Display Settings:

Format

Send to:

Choose Destination
We are sorry, but NCBI web applications do not support your browser and may not function properly. More information
J Surg Res. 2010 Sep;163(1):47-51. doi: 10.1016/j.jss.2010.04.018. Epub 2010 May 6.

Lack of NKX2.2 expression in bronchopulmonary typical carcinoid tumors: implications for patients with neuroendocrine tumor metastases and unknown primary site.

Author information

  • 1UCSF Helen Diller Family Comprehensive Cancer Center, University of California, San Francisco, California 94143-1932, USA.

Abstract

BACKGROUND:

Patients with neuroendocrine tumors (NETs) may have metastatic disease and unknown primary site. NETs commonly arise from the bronchopulmonary (BP) and gastrointestinal (GI) tract. The largest subgroups of well-differentiated BP-NETs are typical carcinoids (TCs). The homeodomain transcription factor NKX2.2 regulates development of gut serotonin cells and is a marker of GI-NETs. Previous work on a limited number of samples suggested that BP-TCs do not express NKX2.2. We hypothesized that lack of NKX2.2 expression in BP-TCs might be useful to distinguish BP- from GI-NETs, and evaluated NKX2.2 expression in a larger number of BP-TCs.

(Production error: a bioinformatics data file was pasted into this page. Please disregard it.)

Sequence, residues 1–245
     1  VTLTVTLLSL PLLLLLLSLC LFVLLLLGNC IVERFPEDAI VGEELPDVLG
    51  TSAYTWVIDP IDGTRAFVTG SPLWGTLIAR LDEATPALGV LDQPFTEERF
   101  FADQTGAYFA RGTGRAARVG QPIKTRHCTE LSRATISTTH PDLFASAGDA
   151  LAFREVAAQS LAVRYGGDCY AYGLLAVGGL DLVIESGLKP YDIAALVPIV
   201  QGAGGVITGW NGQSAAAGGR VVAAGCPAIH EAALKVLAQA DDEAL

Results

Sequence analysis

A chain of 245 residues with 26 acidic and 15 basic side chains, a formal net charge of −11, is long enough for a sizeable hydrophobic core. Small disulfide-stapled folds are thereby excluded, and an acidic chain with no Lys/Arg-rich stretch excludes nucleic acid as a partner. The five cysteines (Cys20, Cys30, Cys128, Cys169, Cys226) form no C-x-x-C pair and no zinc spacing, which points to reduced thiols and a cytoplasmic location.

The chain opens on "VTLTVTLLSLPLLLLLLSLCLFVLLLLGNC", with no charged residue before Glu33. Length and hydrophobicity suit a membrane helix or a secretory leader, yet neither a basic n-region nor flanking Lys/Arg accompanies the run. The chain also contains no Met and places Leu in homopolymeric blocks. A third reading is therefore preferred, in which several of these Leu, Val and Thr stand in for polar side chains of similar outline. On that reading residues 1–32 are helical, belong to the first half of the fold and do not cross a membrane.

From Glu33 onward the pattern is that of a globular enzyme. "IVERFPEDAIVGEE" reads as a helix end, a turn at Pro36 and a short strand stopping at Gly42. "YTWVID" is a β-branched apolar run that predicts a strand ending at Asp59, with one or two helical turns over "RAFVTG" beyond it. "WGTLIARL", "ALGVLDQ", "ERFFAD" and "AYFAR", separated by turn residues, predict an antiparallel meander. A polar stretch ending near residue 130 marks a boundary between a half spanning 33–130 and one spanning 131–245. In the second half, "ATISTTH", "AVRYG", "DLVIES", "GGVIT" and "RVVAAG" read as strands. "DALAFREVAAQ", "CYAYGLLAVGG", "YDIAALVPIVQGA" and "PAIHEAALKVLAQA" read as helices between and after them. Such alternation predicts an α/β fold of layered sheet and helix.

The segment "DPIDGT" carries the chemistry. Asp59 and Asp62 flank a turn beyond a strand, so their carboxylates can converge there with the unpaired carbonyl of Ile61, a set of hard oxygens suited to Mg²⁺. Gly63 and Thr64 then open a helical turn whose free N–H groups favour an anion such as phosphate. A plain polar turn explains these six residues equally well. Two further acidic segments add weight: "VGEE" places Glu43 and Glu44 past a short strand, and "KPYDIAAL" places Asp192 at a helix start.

METHODS:

Archived formalin-fixed, paraffin-embedded tissues were obtained from 13 previously undescribed patients with BP-TCs. Expression of NKX2.2, serotonin, and the NE marker chromogranin A (CgA) were assessed by immunohistochemistry.

RESULTS:

CgA expression was robust in all 13 BP-TCs, confirming the NE phenotype. Serotonin expression was less frequent (9/13; 69%). Two patients with BP-TCs in which serotonin expression was absent exhibited Cushing's syndrome due to ectopic ACTH production. NKX2.2 expression was not observed in any of the 13 tumors.

CONCLUSIONS:

Bronchopulmonary TCs uniformly express CgA but not NKX2.2. Because most of these tumors express serotonin, our findings suggest that NKX2.2 may not be required for serotonin production by BP-TCs. We conclude that the presence or absence of NKX2.2 expression may assist in the determination of the primary tumor site in patients with NET metastases of unknown origin. NET metastases that are CgA-positive/NKX2.2-negative would suggest a BP primary, whereas those that are CgA-positive/NKX2.2-positive would suggest a GI primary.

Copyright 2010 Elsevier Inc. All rights reserved.

PMID:
20599218
[PubMed - indexed for MEDLINE]
PubMed Commons home

PubMed Commons

0 comments
How to join PubMed Commons

    Supplemental Content

    Full text links

    Icon for Elsevier Science
    Loading ...
    Write to the Help Desk